Statistical Blending

You can use statistical blending to render high dynamic range images, to reduce noise, or to create multiple exposure effects in Photoshop (CS4 extended edition). All these techniques require that you have multiple images to start with. For HDR images, you need different exposures of the same subject from a stationary viewpoint. The same is true for noise reduction, only the exposures should be identical. Multiple exposure effects can use any number of different images, all of the same dimensions. In each case, you start by stacking all the images into layers, selecting all layers, and converting them into a smart object. Then you use the Layer > Smart Objects > Stack Mode functions Mean or Median to create a statistical combination of all the images, which you can rasterize. Details after the break.

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Worthy of 16-bit Printing

Is there really any difference between printing with 8-bits per channel and printing with 16-bits per channel? I’m not sure yet, but I’ve been dealing with a photo that could reveal the difference. It has some very fine, continuous gradations–exactly the sort of thing that Epson says is worthy of 16-bit printing on the 9900.

Evening light

Evening light (Alma de la Serra, 2009)

I’ve been printing this on Hahnemühle Photo Rag (HPR), an exquisitely unforgiving paper. I reveals every glitch–which is to say, it’s a fantastic paper, capable of recording the finest nuances. I’ve been printing this 16-bit/channel image in 16-bit/channel resolution, and have been very gratified with the results.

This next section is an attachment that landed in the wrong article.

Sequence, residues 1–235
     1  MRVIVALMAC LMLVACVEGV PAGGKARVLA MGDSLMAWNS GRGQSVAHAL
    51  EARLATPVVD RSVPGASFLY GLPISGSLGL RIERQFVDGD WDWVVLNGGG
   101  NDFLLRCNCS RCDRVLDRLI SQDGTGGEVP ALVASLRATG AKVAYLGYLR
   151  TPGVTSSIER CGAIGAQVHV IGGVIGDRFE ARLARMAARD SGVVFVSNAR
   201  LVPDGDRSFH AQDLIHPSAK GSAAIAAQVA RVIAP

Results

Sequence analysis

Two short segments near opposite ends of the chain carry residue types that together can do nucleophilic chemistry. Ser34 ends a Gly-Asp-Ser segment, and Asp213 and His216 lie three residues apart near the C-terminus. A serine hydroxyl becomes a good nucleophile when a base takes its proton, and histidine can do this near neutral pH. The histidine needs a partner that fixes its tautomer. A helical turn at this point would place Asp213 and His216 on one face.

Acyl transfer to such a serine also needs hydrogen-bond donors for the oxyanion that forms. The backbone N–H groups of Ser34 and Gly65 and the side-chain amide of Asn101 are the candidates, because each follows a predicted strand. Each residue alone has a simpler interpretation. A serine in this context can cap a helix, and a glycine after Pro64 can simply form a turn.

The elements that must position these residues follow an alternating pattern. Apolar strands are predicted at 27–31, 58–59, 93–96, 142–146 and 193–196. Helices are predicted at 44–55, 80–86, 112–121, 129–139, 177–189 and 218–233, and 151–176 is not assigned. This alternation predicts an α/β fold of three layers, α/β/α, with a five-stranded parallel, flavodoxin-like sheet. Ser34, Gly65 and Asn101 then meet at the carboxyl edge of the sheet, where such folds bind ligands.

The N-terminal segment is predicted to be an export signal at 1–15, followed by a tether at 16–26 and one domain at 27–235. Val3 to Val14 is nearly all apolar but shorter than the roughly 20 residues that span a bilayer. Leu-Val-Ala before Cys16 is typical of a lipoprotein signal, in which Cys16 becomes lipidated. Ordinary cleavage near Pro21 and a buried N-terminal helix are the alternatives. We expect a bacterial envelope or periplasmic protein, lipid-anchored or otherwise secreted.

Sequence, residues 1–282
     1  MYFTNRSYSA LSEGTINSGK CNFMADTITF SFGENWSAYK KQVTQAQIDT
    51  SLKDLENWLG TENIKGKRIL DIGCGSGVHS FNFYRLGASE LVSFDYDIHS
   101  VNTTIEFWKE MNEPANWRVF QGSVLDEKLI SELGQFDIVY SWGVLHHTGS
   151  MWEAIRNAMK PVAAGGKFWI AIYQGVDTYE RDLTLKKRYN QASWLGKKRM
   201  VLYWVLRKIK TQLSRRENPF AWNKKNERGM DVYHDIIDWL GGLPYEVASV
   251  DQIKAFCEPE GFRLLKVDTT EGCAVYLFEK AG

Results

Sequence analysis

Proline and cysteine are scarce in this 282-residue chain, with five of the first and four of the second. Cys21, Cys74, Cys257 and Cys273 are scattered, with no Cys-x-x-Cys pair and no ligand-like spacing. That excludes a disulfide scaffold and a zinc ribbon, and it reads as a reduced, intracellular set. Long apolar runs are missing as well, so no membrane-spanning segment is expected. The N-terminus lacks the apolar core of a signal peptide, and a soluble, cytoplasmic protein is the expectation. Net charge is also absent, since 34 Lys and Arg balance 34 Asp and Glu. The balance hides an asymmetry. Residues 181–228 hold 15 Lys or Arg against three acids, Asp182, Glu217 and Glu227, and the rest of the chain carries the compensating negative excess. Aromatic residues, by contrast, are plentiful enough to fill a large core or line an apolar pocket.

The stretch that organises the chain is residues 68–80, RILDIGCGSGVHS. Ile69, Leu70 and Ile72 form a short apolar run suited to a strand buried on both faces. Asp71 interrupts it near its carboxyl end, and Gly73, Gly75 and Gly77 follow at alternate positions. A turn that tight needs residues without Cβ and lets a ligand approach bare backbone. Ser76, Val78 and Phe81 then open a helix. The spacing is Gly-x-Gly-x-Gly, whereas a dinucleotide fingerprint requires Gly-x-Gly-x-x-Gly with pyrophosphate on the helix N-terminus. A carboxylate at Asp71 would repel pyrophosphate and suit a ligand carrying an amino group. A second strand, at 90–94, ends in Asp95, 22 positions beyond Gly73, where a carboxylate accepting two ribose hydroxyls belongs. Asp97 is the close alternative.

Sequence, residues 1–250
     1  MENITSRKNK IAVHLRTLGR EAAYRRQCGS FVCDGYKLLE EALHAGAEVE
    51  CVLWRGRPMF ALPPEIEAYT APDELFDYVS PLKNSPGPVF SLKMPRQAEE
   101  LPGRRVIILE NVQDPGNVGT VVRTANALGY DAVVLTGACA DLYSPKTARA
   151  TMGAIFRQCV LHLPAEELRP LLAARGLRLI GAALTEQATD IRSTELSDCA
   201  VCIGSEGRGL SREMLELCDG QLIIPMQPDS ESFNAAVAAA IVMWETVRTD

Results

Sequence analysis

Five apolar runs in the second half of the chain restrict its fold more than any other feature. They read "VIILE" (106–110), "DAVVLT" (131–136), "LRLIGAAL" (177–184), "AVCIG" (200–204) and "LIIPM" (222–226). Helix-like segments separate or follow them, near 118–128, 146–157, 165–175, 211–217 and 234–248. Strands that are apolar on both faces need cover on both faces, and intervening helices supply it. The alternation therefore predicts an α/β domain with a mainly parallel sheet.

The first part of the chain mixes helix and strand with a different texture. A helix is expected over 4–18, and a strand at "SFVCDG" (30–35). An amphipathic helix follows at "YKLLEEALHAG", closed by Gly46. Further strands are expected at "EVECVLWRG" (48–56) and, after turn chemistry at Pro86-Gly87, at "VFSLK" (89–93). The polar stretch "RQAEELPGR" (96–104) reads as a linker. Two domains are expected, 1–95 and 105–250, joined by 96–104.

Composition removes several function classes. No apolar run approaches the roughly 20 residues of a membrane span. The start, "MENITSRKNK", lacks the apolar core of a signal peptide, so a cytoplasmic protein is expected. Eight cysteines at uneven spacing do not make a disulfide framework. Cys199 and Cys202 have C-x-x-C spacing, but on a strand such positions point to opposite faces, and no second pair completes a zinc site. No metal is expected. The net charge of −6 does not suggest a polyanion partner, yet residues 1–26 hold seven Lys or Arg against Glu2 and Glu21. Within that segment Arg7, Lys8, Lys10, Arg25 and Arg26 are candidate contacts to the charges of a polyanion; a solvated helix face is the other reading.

Dust has been the only problem. Ink on HPR will not bleed into the gaps left by tiny particles, nor does it have a texture that will hide specks. This particular image really shows such flaws. I throw out about a third of the prints, looking for perfection. Nothing else will do. I haven’t had this problem with other papers–but maybe I’ve just been lucky, or there’s more static charge on HPR. In going digital, photography has not left dust behind.

Incidentally, this is a high dynamic range image, a composite of 5 images. I used qtpfsgui to composite and tonemap the image and finished the processing in Photoshop CS4. Qtpfsgui/ Luminance HDR is an open source application for HDR workflow. It doesn’t have the bells and whistles of Photomatix or Photoshop, but it gets the job done, once you grok the interface.

This print and a few others by Alma de la Serra will be on view at Transistor over the coming weeks.